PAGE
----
With the resurgence of farm markets, what's good for the consumer is good for the grower.
Markets that bring an often-dizzying array of vendors and shoppers together are, of course, nothing new. As a postwar bride in the 1940s, my Scottish-Irish mother was determined to make some dishes her Greek husband would like. She searched all over Detroit for authentic Greek olive oil and finally found it at the historic Eastern Market, which to this day is known for its fresh and unique variety of vegetables, fruits, flowers and specialty foods. A friend's grandfather used to bring his crops from their farm to sell from their open-air stall at the Eastern Market every Saturday.
Somewhere along the way, it became the norm to get your produce at a big supermarket, grown by who knows who using who knows what and shipped in from who knows where. For a while, the South Side Farmers Market was the only buy-fresh-eat-local game in town. That's hardly true today, and Bonnie Blackburn will take a closer look at local farm markets in the August issue of Fort Wayne Monthly.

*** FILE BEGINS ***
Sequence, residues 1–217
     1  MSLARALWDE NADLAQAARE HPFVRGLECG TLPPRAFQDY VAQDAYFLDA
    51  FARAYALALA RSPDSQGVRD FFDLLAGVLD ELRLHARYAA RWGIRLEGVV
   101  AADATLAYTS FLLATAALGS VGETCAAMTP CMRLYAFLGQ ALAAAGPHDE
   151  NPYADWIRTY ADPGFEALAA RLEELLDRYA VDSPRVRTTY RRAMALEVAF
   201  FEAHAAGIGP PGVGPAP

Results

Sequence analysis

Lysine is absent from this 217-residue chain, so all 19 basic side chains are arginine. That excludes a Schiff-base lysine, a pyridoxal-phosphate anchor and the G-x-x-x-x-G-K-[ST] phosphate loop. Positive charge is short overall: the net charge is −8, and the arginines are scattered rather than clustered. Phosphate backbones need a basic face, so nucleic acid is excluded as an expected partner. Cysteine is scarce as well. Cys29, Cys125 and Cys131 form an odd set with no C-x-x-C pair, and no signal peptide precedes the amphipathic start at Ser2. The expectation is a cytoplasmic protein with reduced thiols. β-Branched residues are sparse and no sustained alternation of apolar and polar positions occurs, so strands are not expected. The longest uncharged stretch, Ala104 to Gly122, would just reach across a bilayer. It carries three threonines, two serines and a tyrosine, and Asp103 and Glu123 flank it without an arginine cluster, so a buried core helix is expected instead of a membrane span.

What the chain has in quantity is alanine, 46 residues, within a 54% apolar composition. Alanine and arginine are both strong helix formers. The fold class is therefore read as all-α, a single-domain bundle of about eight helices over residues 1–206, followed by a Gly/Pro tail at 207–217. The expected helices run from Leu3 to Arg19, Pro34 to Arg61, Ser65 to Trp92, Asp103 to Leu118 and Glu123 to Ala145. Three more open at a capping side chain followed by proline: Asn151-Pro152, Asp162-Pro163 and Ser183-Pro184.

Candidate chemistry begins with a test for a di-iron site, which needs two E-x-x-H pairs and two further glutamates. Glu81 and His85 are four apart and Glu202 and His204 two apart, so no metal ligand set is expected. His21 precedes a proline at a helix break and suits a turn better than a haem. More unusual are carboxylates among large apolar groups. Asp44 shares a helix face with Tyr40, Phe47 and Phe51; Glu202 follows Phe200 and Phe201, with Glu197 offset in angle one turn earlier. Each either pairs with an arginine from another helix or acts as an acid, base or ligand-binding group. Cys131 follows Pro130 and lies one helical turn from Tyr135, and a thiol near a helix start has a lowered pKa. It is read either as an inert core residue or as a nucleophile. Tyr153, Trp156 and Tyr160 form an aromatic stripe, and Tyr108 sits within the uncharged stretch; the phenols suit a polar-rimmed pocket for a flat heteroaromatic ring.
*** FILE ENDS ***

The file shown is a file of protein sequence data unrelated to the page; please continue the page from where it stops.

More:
In the meantime, I'd like to hear from the gardeners who grow and peddle their wares at said local farm markets. What sells the best, and why do you think that is? What is your biggest challenge? What do you wish customers understood about what you do? How has being a vendor changed the way you garden?
After the Great Greek Olive Oil Search of 1947, Mom was advised by one of her new in-laws to use Italian olive oil instead. And Dad learned to love Irish stew.